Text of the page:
The biggest problem that this film faces is the fact that the movie feels stretched out and somewhat bloated with unnecessary material. Had this film not been theatrically released and instead was a 45-50 minute HBO special, I believe this whole story would have been tighter, sharper, and much funnier than it was. I mention HBO mainly because Andy Samberg co-starred with “Game of Thrones” star Kit Harington in the sports mockumentary “7 Days in Hell,” released just last year. That special ran for 45 minutes and managed to tell a funny-enough story with sharp and hilarious humor in such a short amount of time. That’s not to say the movie wasn’t funny, because when jokes hit, my god did they hit. I just feel that all of this would have worked better as a shorter HBO special. Hell, imagine if HBO and Universal had teamed up to release “7 Days in Hell” and a 45-50 minute cut of “Popstar: Never Stop Never Stopping” theatrically as a double-bill with fake trailers and exclusive music videos spliced in between them, a la what “Grindhouse” did. That, to me, would have made for a much funnier and more satisfying theatrical release than what we overall got here.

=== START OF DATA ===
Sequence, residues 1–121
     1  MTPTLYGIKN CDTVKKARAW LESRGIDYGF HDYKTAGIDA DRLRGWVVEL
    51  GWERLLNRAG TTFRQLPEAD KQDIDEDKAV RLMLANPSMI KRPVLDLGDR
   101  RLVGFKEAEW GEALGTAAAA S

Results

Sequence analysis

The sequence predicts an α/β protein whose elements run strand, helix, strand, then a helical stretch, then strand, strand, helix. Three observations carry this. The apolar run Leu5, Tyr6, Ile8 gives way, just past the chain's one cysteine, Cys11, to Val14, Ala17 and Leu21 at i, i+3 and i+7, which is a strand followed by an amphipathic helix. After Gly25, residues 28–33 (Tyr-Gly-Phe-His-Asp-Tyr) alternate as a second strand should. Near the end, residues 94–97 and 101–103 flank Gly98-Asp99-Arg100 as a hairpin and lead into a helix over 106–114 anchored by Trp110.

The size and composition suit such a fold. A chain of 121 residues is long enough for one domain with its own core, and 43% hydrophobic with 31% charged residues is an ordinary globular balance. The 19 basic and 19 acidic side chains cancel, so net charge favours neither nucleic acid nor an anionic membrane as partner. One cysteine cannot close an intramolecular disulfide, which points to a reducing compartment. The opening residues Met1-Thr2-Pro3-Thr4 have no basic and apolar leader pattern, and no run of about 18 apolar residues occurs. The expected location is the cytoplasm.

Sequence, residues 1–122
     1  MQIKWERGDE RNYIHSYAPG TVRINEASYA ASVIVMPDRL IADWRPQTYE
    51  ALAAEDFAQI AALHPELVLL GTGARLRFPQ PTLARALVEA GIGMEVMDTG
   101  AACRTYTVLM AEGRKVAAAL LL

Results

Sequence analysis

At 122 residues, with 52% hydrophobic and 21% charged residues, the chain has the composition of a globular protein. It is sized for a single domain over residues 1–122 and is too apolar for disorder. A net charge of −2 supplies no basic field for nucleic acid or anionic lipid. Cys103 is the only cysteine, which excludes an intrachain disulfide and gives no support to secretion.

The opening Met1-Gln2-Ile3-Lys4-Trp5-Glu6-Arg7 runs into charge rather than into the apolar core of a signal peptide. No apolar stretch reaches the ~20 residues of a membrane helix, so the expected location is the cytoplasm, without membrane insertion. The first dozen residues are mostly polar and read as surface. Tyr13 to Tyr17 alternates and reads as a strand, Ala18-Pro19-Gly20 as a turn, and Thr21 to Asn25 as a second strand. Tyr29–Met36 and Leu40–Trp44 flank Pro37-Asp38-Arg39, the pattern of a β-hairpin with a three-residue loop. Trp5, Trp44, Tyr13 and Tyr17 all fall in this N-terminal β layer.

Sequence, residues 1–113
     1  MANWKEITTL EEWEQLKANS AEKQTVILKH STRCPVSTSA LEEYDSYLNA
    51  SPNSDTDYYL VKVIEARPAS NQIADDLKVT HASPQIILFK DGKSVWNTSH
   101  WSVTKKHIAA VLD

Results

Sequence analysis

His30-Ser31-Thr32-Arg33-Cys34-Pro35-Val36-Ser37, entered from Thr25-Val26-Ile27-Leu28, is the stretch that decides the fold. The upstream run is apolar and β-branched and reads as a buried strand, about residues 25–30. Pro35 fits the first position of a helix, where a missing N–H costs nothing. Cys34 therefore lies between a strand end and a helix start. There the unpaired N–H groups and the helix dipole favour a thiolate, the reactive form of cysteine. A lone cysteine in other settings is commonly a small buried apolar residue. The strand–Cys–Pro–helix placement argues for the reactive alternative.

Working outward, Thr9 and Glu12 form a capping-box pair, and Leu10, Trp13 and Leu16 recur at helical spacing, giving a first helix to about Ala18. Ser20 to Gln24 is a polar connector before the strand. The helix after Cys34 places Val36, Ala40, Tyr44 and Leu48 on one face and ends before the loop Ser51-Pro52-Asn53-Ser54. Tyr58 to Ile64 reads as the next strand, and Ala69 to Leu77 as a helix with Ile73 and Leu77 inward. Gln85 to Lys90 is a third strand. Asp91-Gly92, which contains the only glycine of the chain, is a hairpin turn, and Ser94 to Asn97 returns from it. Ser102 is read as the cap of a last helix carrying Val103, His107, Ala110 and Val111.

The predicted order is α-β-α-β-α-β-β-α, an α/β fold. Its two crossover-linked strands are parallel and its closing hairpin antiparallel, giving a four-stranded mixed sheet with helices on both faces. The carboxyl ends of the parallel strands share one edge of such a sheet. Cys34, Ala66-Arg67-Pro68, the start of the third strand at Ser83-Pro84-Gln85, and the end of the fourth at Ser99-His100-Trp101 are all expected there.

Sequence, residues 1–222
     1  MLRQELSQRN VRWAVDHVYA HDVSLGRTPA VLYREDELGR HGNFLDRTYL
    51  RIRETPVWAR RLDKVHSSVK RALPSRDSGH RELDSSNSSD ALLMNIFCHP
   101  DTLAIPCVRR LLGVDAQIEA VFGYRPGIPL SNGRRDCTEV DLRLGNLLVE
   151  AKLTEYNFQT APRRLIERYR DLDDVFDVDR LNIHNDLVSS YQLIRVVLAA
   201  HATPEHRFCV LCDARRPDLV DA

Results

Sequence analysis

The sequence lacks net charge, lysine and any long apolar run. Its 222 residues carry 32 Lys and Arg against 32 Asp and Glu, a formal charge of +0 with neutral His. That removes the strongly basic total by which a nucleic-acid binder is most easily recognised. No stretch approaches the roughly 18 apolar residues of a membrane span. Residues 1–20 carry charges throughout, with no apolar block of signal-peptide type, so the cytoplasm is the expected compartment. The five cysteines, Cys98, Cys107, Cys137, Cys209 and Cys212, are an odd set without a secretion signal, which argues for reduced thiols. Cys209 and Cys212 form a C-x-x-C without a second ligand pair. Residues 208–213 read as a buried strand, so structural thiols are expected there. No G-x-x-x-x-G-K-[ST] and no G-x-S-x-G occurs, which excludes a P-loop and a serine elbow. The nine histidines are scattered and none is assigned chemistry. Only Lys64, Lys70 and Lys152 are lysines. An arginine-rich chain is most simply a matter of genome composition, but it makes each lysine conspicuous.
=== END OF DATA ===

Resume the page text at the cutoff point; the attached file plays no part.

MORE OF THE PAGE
I do have to give credit to Samberg, Taccone, and Schaffer for managing to get people on board with this and managing to get this onto the big screen. As mentioned before, I believe the trio are modern comedy auteurs thanks to my love for “Hot Rod” and for their many digital shorts. These guys undoubtedly knew what they wanted to have in this movie, and it seems like they managed to get everything they wanted to make their vision become a reality. Their humor isn’t for everyone, that’s for sure, but it’s great to see three young and talented friends become so successful. The writing isn’t always the strongest, but it’s apparent that they know how to tell a story and follow the usual beats that make comedies work. Taccone and Schaffer have good eyes for direction and know what makes a movie more than just that. It’s even more impressive since the three wrote all entirely new songs for the film, some of which I haven’t been able to stop listening to. “I’m So Humble,” Conner’s pop duet with Adam Levine in which he discusses how humble a person he is, and “Equal Rights,” his anthem featuring P!nk for Gay Rights while profoundly reminding listeners he’s not gay, immediately come to mind. These songs, along with several others, have been stuck in my head since seeing the film, so much so that I had to get the soundtrack for myself. Even if you don’t like the movie as a whole, it’s hard to deny how smart and fun these songs are.